Android is a BURNING 'hellstew' of malware, cackles Apple's Cook

iOS rival 'dominates the mobile malware market,' says totally unbiased observer


WWDC Apple CEO Tim Cook took a few minutes of his two-hour keynote at Apple's Worldwide Developers Conference (WWDC) on Monday morning in San Francisco to stick his thumb in Android's eye.

"Over 130 million customers who bought an iOS device in the past 12 months were buying their first Apple device," Cook told the 6,000 developers in his audience. "Many of these customers were switchers from Android. They had bought an Android phone – by mistake – and then had sought a better experience. And a better life," he said, eliciting laughter from the crowd.

Nearly half of Apple's customers in China during the past six months, he said, switched from Android phones to the iPhone.

One of the reasons that iOS has such high customer satisfaction, he said – citing a 97 per cent satisfaction rating in a survey conducted by ChangeWave Research – "is that we make available our software updates for the OS available to as many customers as possible."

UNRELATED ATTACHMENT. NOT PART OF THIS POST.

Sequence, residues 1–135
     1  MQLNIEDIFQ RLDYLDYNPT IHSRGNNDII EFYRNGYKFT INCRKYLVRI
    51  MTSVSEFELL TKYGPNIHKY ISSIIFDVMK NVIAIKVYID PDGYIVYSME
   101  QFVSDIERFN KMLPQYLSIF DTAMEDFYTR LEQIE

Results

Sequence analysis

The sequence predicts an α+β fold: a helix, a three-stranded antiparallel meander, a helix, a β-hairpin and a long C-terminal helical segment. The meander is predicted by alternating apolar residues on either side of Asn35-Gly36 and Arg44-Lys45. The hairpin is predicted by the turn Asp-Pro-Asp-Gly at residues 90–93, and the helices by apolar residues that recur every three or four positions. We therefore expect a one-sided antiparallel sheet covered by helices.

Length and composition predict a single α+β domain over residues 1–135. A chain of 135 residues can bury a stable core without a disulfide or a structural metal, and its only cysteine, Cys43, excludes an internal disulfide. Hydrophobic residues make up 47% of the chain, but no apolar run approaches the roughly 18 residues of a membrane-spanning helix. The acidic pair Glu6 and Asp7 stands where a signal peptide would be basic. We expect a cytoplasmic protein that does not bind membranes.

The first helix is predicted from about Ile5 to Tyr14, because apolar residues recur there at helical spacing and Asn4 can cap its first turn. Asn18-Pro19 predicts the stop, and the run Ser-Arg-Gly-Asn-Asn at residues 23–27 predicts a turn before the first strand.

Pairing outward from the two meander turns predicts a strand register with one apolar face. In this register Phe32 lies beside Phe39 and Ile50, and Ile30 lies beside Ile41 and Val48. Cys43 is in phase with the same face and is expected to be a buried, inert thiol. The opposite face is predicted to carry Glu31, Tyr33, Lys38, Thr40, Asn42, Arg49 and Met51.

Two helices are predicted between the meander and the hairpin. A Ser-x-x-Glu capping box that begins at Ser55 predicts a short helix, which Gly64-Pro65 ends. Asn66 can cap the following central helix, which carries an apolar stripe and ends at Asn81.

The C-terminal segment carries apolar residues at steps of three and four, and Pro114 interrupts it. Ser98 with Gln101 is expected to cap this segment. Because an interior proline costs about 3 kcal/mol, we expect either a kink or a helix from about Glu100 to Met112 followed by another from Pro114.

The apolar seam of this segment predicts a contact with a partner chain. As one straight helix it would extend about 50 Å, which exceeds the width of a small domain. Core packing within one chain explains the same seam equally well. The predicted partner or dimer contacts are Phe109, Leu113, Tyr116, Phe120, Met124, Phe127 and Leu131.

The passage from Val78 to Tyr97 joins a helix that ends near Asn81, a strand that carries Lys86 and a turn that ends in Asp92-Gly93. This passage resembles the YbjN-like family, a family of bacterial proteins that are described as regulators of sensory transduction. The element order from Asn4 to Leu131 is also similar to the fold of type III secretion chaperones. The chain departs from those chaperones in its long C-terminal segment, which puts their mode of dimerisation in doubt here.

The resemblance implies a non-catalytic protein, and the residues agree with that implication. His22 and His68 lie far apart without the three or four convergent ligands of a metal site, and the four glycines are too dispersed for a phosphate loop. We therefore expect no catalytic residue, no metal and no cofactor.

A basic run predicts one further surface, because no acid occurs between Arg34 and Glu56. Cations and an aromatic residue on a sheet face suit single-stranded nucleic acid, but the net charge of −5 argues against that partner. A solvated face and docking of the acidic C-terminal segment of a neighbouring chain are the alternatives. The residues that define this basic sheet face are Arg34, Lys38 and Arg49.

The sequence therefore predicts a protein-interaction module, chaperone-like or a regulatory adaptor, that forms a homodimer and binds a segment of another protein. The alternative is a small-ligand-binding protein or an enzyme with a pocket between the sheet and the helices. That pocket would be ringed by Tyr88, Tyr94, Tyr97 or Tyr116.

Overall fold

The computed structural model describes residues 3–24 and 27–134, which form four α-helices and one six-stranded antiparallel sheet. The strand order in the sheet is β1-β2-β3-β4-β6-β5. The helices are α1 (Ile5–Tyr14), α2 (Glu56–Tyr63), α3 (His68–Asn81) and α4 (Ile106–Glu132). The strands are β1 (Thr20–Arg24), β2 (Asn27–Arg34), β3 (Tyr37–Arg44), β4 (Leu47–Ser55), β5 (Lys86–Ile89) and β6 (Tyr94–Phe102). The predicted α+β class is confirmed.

Almost nine out of 10 users have upgraded to the latest version of the iDevice operating system, iOS 7. "This is in stark contrast to Android," Cook said, citing what he said were statistics that show that fewer than one out of 10 Android users are running the latest version of Android, KitKat.

Android KitKat installed base versus iOS 7

Most iOS users, Cook says, benefit from upgrades. Android? Not so much (click to enlarge)

"And if you look at a broader group, over a third of their customers are running a version of Android from four years ago," he claimed. "That's like ancient history."

Those customers don't benefit from new features, aren't able to run the latest apps, and don't get security updates, he said. "This is particularly important for Android, which dominates the mobile malware market," Cook suggested.

Percentage of mobile malware on Android

Cook does, however, report that Android dominates one important market (click to enlarge)

To illustrate his point, he quoted the title of a recent article by ZDNet's Adrian Kingsley-Hughes, a self-described "big fan of Android."

The article's title? "Android fragmentation turning devices into a toxic hellstew of vulnerabilities" – and Cook's slide of that quote added animated flames to the word "hellstew."

If you ever had any doubt about the lack of affection between Cupertino and Mountain View, doubt no more. ®

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